By Brent Bozell
During the Bush years, the news media were the promoters of protest, the champions of dissent. Denouncing the president as a brain-damaged warmonger was the most patriotic thing you could do (just ask the Dixie Chicks), and it was guaranteed to please the press.
On MSNBC before the Iraq War in 2003, David Shuster elevated the "anti-war" movement as the equivalent of the United States military, only with a higher morality: "The size of the demonstrators, at least here, at least in Europe, seems to underscore that there are now perhaps two world superpowers," he told Chris Matthews. "There's the United States, and then there are those millions of people who took to the streets opposing U.S. policy."
My, how times -- and standards -- change. On the weekend of the vote for a massive government intervention in the health-insurance market, these same reporters had a different take. The Tea Party protesters were not going to be hailed for their courageous and patriotic use of their free time. They were going to be smeared for daring to be.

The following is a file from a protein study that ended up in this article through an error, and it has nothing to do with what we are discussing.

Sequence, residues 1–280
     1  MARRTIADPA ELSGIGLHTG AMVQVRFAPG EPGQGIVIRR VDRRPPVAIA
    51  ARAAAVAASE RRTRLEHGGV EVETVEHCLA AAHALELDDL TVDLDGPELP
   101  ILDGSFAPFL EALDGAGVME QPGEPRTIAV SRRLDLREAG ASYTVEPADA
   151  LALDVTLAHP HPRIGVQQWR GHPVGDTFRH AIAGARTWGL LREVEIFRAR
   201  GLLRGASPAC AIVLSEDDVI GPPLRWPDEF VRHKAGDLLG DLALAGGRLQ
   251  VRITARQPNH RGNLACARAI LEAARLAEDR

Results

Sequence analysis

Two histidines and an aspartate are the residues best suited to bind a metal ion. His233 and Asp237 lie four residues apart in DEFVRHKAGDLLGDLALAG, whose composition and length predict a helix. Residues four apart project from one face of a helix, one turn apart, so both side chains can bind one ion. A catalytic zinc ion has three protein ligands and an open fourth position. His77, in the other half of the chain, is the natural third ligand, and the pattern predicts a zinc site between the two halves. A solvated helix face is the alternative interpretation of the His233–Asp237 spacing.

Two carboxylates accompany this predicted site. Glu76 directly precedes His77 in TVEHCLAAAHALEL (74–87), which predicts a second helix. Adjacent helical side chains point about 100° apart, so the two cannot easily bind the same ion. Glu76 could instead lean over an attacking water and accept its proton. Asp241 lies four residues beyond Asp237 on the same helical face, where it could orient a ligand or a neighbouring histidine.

Shuster asked black conservative Robert Traynham to blame the conservative media for these overheard outbursts (not that any network had them on tape): "Do any conservative media outlets, Robert, bear any responsibility for that? Because when people hear over and over that this is Nazism on the march, or fascism, or that Armageddon is coming, of course some people are going to flip out."
The whole smear turned ridiculous when conservative radio host Mark Simone told Shuster that every protest has some overenthusiastic people yelling stupid things. Shuster insisted the left had never behaved in that fashion in the Bush years: "Nobody spit on a lawmaker. Nobody used a N-word. Nobody used an F-word."
Shuster wasn't with me on numerous occasions when the anti-military leftist wacko nutroot asshats were spitting on soldiers and calling them baby-killers, marching with signs showing President Bush being beheaded, showing up in committee hearings with bloody hands to accost the Secretary of State, or being generally obnoxious, dis-tasteful and disrespectful to anyone who disagreed with them.
Nope, no double-standard here.